It’s been a big week for sales tax fairness.
First, the Senate voted 75-24 last Friday night to attach language to the federal budget resolution that would let states require online sellers to collect sales tax the same as local brick-and-mortar stores. The budget resolution itself is just a guideline for Congress, not actual law, so a “real” vote will still have to be taken before sales tax fairness can be enacted. But the move was nonetheless the first time the topic has come to the floor of either chamber of Congress since the House approved a non-binding “sense of Congress” measure in 2001. And it was a huge symbolic victory, sending a strong message that Congress is finally ready to deal with this issue after more than a decade of debate that’s moved slower than a dial-up modem on a party line.
Then on Tuesday, the New York Times ran an editorial endorsing the Marketplace Fairness Act, the legislation that would actually give states the authority to require collection. The Times said online sellers who don’t have to collect sales tax hold an “unfair advantage” over local stores, and called for Congress to “level the playing field” because “fairness demands nothing less.”
While the news of these developments was being e-mailed, Tweeted, Facebooked and, for all I know, Instagrammed, the fight over taxation of online sales comes from a decidedly offline court case.
As those who have read the dozens of press releases NRF has cranked out over the years will recall (a guy can dream, right?), the lack of sales tax collection goes back to the 1992 U.S. Supreme Court decision in a case called Quill v. North Dakota. The court decided that a state cannot require an out-of-state seller to collect sales tax on purchases made by its residents unless the seller has a physical presence in the state, such as a store, warehouse or office. With sales tax laws across the country a mass of conflicts over rates, taxable items and definitions (is a belt a taxable “fashion accessory” or a tax-free article of “clothing”?), the court reasoned that a seller couldn’t know what to collect unless they had boots on the ground.
Quill is the landmark case that lets Internet sellers off the hook for collecting sales tax on most of their sales. But to the surprise of many, it had nothing to do with the Internet.
How many of you were on the Internet in 1992? I wasn’t. Competing services like CompuServe, AOL and Prodigy offered early versions of email and primitive web-like pages on various subjects, but weren’t linked together. The World Wide Web had yet to become worldwide, and e-commerce was unheard of.
Quill was an office supply company based in Illinois but with mail-order customers in North Dakota, and North Dakota wanted Quill to collect sales tax on purchases made by its residents. But Quill didn’t have any employees, stores, offices, warehouse or other physical presence in North Dakota. Quill reached its North Dakota customers the old-fashioned way – printed paper catalogs, flyers, advertisements in national publications and telephone calls. Merchandise was delivered by postal mail or carriers like UPS.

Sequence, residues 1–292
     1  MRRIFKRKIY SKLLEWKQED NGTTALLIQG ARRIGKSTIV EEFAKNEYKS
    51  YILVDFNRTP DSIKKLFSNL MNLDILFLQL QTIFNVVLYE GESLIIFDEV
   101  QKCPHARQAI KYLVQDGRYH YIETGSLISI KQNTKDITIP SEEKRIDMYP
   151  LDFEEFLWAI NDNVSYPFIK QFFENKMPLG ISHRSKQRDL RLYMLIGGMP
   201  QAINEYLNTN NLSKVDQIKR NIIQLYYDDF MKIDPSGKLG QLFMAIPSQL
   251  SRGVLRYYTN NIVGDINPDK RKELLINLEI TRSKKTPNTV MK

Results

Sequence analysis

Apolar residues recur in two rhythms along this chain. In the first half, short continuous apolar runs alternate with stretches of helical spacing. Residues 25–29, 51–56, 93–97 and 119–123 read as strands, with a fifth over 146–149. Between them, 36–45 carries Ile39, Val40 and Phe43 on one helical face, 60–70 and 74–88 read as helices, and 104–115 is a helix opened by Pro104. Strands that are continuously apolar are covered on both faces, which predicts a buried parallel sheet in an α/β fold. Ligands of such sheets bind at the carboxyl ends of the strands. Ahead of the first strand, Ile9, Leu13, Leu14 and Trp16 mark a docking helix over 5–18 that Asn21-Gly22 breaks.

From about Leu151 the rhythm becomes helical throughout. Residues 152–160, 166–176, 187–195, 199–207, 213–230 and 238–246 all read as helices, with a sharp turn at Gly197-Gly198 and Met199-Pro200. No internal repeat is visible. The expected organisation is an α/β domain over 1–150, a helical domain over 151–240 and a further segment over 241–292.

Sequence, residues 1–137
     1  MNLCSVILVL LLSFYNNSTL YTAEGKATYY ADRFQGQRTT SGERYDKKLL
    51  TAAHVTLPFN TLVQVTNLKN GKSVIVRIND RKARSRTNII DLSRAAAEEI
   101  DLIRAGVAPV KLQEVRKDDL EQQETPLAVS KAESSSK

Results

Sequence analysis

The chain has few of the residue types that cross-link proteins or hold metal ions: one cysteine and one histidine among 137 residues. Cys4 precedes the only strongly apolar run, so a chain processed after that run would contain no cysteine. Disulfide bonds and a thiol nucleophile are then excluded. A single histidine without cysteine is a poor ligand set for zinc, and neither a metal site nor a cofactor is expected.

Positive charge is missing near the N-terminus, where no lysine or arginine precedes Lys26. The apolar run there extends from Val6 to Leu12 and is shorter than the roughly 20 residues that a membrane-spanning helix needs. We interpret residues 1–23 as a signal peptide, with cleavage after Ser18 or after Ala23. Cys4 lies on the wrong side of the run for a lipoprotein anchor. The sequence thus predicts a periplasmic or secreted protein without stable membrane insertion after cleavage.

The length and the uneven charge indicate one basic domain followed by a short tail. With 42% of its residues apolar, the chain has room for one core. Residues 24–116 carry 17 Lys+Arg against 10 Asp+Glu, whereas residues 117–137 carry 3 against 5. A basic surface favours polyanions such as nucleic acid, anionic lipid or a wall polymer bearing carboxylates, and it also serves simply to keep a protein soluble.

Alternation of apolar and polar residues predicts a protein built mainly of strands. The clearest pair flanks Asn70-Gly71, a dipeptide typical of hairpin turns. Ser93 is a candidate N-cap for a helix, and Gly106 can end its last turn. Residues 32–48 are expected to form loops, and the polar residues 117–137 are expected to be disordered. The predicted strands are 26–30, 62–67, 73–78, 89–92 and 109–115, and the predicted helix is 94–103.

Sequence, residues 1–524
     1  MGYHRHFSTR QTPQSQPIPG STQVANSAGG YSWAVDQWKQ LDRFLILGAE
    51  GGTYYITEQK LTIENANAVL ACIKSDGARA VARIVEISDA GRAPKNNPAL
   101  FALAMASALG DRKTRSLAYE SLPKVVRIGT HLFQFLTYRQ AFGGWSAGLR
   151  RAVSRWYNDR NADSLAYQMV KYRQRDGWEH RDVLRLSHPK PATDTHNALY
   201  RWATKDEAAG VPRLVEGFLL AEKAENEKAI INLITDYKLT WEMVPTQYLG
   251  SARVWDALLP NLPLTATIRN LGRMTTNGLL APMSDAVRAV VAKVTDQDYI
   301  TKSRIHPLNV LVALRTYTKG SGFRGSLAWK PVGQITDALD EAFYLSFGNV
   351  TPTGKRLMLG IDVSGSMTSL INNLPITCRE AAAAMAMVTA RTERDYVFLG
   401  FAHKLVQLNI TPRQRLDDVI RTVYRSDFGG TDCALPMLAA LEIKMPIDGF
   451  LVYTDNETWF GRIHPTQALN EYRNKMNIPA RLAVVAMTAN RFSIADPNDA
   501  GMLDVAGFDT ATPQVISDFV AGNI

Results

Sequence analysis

There was, however, one tie to the Internet of the future that played a role in the case. Quill had started mailing its customers floppy disks loaded with software that would let them use a computer, modem and telephone line to make a dial-up connection to an electronic bulletin board that gave them access to Quill’s computer system to check on inventory. (Don’t recognize any of these long-obsolete computer terms? Click on the links.)
Unlike the catalogs that were simply given to customers, Quill made a big deal about how the software was only licensed and remained its property that had to be returned on demand. Because of that, North Dakota’s attorneys argued that the floppy disks constituted “property situated in North Dakota.” The Supreme Court didn’t buy that argument, I wouldn’t, and you probably don’t, either. North Dakota lost, and Quill was free to continue selling there without collecting sales tax.
The Quill case didn’t draw much attention until e-commerce began to take off and untaxed sales on the Internet became a threat to local stores and started to deny state treasuries badly needed tax revenue. The initial reaction by states was to simplify their sales tax systems in order to address the court’s concern that sales tax laws were too complicated. The Marketplace Fairness Act would still require simplification, but backers have argued that software that can track the complexities and automatically apply the proper tax has made the concern irrelevant.
From floppies to the Internet to smartphones, the world has changed a lot since 1992. As NRF chief lobbyist David French said of sales tax collection only a couple of years ago, “Isn’t there an app for that?”